By 90Min
April 18, 2018

The 1982 World Cup in Spain was the first finals tournament to feature 24 teams, the first expansion since 1934, when it went from 13 competing nations to 16. This was to accommodate the growing markets in the game in Africa and Asia. As a result, and after a previous three attempts to qualify, Algeria managed to make it through to the biggest stage.

They were drawn in Group 2 of the first round set of six groups of teams. They would play the Austria, Chile, and the always heavily fancied West Germans. They were not expected to do well. In fact, it was going to be a straight forward race as to who would finish bottom of the group, them or the Chileans, who despite a third-place finish at their home tournament in 1962 had failed to win a game since in two more finals appearances.

The opening group game saw Algeria square off against then European Champions West Germany in Gijon. After a goalless first half the game was won and lost in a 15 minute period midway through the second half. 

The African team took the lead shortly after the break through striker Rabah Madjer, only to see prolific Karl-Heinz Rummenigge a dozen minutes later. With the favourites back in the game they relaxed, and let African Player of the Year Lakhdar Belloumi, move into the six-yard box to knock in a simple winner just a minute later. The next day Austria beat Chile 1-0 in Oviedo, and then the South American team felt the backlash from the Germans as they won convincingly 4-1.

When Austria beat 'The Desert Foxes' 2-0 the group was going to form, with both European teams set to go through. Chile were the whipping boys and Algeria raced into a three-goal lead by half time in the final group game courtesy of a brace from Salah Assad and a third by Tedj Bensaolua. However, they were made to work for their win as Chile scored twice after the break, but they did hold on to become the first African team to win twice at a World Cup finals, and now were in second place with the final game to be played the next day.

The game now known simply as the 'Disgrace of Gijon' was played on 25th June with a late afternoon kick off. Austria topped the group and knew that a draw would eliminate West Germany, whereas the Germans needed to win, and a win by one or two clear goals would see the neighbouring nations qualify for the second round. A win by more would put Austria out. So, what played out was a farcical game of football which changed the format of groups games in major football tournaments.

After a frenetic opening to the game Horst Hrubesch scored for West Germany, as it stood the topped the group with Austria second, and despite being on the same points (four) Algeria would be heading home due to their inferior goal difference. And that’s how it would stay.

80 minutes of virtual no activity. Two sets of players playing simple no risk passes. Now technically this isn’t against the rules but given the circumstances and knowing the exact state of play at the outcome of the game, it was everything that fair play isn’t. With the two teams at stalemate, even if the score wasn’t, the crowd started to turn.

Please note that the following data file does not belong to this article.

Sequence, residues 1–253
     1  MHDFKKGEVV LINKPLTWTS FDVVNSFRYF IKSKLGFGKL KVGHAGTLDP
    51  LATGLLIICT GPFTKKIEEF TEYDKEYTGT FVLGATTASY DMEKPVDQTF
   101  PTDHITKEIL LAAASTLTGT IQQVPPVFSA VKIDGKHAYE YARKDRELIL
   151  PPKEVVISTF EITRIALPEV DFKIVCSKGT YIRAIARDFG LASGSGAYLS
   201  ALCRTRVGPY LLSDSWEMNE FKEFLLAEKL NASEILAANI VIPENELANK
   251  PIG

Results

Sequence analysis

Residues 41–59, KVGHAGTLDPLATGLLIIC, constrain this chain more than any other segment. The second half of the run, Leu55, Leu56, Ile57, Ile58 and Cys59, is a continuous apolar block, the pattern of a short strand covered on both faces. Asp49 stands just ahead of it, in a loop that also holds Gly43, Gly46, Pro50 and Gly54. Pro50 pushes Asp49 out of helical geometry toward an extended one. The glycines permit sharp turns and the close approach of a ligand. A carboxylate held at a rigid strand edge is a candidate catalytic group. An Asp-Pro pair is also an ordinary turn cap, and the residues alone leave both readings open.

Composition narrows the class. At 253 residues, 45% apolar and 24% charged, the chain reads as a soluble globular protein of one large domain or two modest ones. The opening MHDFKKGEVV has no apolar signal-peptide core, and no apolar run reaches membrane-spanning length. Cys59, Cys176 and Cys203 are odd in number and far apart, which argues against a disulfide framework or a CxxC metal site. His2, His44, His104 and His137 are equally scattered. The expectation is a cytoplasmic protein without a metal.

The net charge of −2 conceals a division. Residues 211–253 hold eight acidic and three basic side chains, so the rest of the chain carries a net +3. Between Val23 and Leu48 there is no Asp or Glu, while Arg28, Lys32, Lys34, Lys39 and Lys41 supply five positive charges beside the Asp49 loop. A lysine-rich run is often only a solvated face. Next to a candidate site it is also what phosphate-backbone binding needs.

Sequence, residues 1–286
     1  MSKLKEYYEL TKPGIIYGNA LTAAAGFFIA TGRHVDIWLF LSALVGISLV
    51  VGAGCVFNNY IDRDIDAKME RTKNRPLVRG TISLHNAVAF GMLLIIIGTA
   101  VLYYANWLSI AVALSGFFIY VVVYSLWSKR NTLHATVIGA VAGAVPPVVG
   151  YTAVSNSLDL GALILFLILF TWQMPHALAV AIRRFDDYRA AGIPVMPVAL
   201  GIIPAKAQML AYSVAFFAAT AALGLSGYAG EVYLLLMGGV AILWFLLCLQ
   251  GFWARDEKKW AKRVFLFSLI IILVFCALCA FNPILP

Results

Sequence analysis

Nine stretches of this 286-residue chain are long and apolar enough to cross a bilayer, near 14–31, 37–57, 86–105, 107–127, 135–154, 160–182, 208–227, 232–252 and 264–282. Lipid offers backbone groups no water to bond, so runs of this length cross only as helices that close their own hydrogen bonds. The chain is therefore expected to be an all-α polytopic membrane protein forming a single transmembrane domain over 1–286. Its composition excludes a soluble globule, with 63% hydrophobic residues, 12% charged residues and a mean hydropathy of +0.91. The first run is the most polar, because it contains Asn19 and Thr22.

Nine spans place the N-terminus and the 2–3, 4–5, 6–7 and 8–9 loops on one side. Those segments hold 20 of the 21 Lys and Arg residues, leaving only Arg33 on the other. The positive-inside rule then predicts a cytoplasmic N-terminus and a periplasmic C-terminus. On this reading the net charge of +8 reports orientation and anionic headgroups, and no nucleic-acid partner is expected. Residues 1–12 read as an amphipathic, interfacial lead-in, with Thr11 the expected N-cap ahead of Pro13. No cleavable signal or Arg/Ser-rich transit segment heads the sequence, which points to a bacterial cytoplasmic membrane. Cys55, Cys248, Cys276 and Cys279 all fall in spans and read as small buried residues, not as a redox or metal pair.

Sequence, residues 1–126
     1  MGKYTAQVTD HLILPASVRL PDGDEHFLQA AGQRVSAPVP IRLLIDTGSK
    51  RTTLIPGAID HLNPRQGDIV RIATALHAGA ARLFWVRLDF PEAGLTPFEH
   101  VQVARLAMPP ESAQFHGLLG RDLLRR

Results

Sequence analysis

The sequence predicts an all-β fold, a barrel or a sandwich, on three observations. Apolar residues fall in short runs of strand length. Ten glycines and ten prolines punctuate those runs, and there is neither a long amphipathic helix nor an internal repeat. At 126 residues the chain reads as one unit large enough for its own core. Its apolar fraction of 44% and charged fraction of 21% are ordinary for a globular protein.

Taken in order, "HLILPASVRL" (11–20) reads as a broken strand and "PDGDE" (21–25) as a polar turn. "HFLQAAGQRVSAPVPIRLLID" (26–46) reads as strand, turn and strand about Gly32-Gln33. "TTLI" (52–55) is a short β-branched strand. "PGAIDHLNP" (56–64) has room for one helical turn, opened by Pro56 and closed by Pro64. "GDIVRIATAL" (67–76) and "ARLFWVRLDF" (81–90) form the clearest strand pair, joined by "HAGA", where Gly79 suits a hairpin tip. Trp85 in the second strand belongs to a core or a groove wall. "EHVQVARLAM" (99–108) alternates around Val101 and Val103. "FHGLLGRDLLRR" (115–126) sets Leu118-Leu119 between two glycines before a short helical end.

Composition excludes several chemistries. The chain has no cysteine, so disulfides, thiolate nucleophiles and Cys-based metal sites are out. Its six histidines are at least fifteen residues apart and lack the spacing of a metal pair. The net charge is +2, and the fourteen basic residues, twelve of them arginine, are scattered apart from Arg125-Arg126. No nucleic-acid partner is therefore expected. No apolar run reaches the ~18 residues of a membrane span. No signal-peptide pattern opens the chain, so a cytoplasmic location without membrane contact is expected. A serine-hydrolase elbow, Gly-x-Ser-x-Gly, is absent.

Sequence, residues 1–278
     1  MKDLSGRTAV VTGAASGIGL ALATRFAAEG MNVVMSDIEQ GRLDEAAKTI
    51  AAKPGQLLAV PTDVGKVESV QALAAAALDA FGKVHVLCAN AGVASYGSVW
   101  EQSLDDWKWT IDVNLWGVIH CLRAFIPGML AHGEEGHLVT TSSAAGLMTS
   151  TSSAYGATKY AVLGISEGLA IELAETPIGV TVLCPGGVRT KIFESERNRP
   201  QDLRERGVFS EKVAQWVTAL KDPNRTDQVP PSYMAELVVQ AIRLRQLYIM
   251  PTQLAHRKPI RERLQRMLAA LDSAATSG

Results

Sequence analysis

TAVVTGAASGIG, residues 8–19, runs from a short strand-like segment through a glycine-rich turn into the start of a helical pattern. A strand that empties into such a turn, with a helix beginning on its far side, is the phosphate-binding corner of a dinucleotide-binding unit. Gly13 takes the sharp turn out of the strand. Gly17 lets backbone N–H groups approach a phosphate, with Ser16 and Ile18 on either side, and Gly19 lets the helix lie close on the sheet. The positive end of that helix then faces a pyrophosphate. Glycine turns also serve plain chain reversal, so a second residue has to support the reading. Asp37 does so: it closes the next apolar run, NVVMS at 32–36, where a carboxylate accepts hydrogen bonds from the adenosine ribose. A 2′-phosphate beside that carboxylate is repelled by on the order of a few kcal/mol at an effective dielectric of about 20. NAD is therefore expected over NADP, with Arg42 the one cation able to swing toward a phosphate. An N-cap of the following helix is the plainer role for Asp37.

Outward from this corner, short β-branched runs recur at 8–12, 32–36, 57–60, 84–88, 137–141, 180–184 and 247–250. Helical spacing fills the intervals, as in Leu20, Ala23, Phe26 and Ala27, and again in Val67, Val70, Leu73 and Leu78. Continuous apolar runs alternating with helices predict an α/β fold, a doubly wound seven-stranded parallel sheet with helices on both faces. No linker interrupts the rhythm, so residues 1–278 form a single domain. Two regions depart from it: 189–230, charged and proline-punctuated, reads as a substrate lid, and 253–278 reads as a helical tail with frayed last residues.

The Spanish in the crowd wanting to see a proper game and the possible knock out of one of the bigger teams were chanting “Argelia, Argelia!” (Algeria, Algeria!”) even the fans of the two competing teams were in shock at what they were witnessing, and whistled, jeered their way through the game. Even the commentators downed tools and fans watching on their television sets were just left with the stadium crowd noise.

When Scottish referee Bob Valentine blew his whistle to end the game there was mild celebrations from the players, but most wanted to get off the field quickly, “Fuera! Fuera!” (“Get out, get out!”) was the call from the fans directed at the players. It was ugly. It was shameful.

“Naturally today’s game was planned tactically” said Hans Tschak, head of the Austrian delegation, “But if 10,000 ‘sons of the desert’ here in the stadium want to trigger a scandal because of this it just goes to show they have too few schools.” 

His inflammatory remarks weren’t doing anything to dampen down the fire. “The German team has the right to play slowly and defensively, with security”, was the comment almost immediately after the game from West Germany Football Federation president Hermann Neuberger. This was quite telling as he was also a vice president of FIFA. 

With the Algerians raging, during the game their fans inside the stadium were shaking bank notes through the fencing, an official complaint was made to FIFA regarding possible match-fixing. The hearing lasted over three hours and the FIFA committee announced that a result, “could not be altered by any outside body.”

Although deeply upset at the way they went out of the tournament the Algerians went home proud of what they had achieved, “We weren’t angry, we were cool. To see powers debasing themselves to eliminate us was a tribute to Algeria,” said right back Chaabane Merzekane. 

“Our performances forced FIFA to make that change [final group games played simultaneously], and that was even better than a victory”, Belloumi said, “It meant that Algeria left an indelible mark on football history.”

Gary Jordan is the author of 'Out of the Shadows: the Story of the 1982 England World Cup Team' published by Pitch Publishing. You can follow him on Twitter at @gazjor1

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